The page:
When my Facebook newsfeed became a deluge of wedding and baby pictures, I shut the browser window and checked Twitter instead.

@NYCGOV
: Hurricane #Geoffrey expected in New York City TONIGHT. Check out these storm prep tips. http://on.nyc.gov/1aGWYqz

@RoxannaLane
: Congrats to my friend @Jane_Sparks for her book hanging out in the top 100 historical romances on Amazon.

@Jezebel
: Is Maryville, Missouri the Next Steubenville? http://bit.ly/1aGWT6g

@LizaPalmer
: 11 Pieces of Advice From Amazing Women http://bit.ly/1aCeptH #amwriting #writingtips #pubtip

@Accuweather:
Get ready, New York City! Hurricane #Geoffrey is expected to be category 4 hurricane.

@KatharineAshe:
Stilettos: the 21st-century equivalent of the whalebone corset.

@DukeAusten:
Only one week until Project-TK’s IPO.

@RTBooks:
New Review: The Wicked Wallflower! http://bit.ly/1alkm9T

@LadyMissPenny:
Just lounging in my statement necklace. instagram.com/p/jZoJL9R8rW/

@NYTimes:
Scientists agree global warming is to blame for super storm #Geoffrey.

@Jane_Sparks:
Writers block is The Worst. THE WORST!

@Gawker:
Just want you wanted to read during #Geoffrey: a tell-all book about @DukeAusten by his ex-girlfriend.

Of course I clicked that link. I mean, really. I didn’t expect to read anything new. After all, I knew the man. Intimately. But how could I not read it?!

Secrets of the Bad Boy Billionaire: The Duke Austen Nobody Knows

One of Duke Austen’s many ex-girlfriends, Felicity Prescott, is writing a tell-all book about the Bad Boy Billionaire. Prescott reportedly dated Austen while they both worked at the now defunct startup, Friendly. Her book details why that oh-so-promising startup totally went bust, starting with Duke’s wild behavior and their tortured relationship.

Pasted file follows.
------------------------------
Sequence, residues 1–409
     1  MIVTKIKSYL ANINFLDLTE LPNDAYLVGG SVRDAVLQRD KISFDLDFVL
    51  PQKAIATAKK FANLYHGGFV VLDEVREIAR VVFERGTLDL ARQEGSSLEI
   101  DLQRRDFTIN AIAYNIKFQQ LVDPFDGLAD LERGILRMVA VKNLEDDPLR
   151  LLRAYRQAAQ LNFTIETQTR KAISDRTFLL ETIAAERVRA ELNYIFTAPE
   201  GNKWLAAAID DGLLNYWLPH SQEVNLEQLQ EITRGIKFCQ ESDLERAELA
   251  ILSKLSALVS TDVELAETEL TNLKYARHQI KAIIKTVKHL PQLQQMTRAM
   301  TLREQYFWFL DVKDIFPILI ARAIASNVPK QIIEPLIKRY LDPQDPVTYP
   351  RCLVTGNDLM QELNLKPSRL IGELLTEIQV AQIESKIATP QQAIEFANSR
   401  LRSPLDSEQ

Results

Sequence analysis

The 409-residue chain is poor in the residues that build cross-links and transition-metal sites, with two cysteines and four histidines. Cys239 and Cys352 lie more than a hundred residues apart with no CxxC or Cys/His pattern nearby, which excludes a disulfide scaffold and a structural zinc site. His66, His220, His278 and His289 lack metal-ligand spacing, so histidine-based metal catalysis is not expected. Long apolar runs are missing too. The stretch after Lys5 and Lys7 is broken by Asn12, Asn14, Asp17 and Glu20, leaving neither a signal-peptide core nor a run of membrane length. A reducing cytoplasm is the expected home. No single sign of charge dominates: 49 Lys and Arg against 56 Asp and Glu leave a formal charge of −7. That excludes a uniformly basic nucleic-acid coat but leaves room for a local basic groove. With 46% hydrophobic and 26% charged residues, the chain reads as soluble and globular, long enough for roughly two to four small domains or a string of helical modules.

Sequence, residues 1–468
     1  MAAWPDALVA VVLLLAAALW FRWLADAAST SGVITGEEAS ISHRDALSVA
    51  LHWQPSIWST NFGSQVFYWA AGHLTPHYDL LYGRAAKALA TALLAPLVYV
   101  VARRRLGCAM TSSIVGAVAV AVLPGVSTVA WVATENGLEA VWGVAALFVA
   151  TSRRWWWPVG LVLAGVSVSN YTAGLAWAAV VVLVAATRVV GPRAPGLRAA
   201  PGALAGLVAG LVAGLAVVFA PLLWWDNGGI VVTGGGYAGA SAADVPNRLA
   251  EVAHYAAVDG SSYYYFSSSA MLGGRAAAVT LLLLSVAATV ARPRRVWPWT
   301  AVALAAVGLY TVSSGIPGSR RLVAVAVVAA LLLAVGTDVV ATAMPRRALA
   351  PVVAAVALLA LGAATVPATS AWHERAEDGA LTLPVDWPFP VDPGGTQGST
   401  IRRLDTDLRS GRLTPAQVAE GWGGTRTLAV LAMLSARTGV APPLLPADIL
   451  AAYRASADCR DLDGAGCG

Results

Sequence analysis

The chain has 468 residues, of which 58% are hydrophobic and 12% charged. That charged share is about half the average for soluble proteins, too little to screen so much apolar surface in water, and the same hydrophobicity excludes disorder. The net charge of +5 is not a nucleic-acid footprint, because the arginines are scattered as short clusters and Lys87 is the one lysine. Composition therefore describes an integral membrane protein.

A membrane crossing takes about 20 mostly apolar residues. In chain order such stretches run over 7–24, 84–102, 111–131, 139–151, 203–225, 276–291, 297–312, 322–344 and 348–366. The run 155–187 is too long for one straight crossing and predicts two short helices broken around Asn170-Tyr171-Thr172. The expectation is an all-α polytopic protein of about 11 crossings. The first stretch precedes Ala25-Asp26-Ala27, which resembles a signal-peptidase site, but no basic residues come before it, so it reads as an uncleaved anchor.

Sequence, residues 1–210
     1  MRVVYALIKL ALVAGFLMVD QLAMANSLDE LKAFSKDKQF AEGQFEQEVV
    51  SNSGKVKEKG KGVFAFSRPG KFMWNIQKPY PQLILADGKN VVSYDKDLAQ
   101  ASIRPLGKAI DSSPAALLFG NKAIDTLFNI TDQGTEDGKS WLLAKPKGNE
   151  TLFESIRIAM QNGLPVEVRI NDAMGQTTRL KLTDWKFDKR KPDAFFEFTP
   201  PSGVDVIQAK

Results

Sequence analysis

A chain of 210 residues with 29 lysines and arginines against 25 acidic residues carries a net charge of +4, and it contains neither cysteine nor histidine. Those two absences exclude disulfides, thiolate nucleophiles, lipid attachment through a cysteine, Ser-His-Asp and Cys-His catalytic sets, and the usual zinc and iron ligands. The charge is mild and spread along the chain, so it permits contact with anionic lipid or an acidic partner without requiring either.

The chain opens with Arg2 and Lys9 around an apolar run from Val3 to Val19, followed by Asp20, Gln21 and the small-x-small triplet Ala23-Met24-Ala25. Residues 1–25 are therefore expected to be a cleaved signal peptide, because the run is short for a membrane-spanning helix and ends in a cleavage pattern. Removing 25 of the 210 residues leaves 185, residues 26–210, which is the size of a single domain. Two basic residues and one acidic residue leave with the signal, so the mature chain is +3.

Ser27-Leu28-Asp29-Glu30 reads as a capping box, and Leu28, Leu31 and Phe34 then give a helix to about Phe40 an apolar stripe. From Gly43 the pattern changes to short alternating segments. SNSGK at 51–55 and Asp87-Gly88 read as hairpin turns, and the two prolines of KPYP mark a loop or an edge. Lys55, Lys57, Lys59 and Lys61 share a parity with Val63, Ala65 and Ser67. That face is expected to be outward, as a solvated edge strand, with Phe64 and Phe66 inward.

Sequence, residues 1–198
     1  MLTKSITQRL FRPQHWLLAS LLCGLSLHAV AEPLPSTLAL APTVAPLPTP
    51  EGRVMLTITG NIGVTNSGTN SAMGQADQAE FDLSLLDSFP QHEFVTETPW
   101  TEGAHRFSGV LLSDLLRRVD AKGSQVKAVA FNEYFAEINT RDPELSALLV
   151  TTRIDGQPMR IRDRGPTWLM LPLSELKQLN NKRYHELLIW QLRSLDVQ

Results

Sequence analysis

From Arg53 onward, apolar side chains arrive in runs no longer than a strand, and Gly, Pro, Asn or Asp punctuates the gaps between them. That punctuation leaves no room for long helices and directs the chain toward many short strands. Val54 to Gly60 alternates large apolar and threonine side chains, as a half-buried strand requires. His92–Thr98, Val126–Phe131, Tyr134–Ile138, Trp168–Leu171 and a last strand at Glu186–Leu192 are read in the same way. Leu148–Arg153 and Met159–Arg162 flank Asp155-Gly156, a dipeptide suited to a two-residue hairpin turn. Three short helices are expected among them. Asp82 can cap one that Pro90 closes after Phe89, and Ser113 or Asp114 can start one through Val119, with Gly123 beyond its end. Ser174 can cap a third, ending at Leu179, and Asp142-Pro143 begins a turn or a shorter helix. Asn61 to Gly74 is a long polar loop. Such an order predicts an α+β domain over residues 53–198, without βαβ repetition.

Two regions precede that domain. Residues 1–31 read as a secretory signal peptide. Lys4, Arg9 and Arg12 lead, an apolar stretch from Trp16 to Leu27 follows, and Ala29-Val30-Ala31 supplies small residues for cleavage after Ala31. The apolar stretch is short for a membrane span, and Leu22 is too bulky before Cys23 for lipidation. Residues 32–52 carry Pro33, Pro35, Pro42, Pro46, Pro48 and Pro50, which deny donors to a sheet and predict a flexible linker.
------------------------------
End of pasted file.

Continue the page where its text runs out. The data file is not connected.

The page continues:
My reading was interrupted by the arrival of a text message from Sam.

Sam Chase:
I’m in town. Need to talk. Can we meet for a drink?

I hesitated. Sam had been weird lately—lots of confusing text messages, Facebook posts and long emails philosophizing about life choices and a man’s role in the modern world. Or something like that. I’d just been too busy to figure out what he was talking about to compose an appropriate reply. That, and I just didn’t really want to deal with it. I cared about him deeply, but I wasn’t too keen to be his therapist. Or his drinking buddy on a night like this.

But I had loved this man deeply for a long time. We’d been high school sweethearts and I thought he would be my husband and the father of my children. It was his idea for us to break up. Though it hurt like hell for a while, I was now
glad.
My life was so much more amazing because of it.

So even though he was acting weird, I had loved him and he seemed to be in a rough patch. We could still be friends, right?

Besides, it’s not like I would get much writing done anyway.

Another text message interrupted me, this one from Roxanna.

Roxanna Lane:
Working late. Might swing by with you know who. Don’t be there? XOXOXO!

Well that settled that. I was going out. After one drink, I’d head over to Duke’s place. I doubted that his flight would be taking off after all and it’d be nice and romantic to ride out the storm together.

One glance at Twitter told me this had better be a quick drink.

@NYCGOV:
Batten down the hatches! Subway is closing at midnight. Bridges and Tunnels will be closed at 10pm. #Geoffrey

I texted Sam back.

Jane Sparks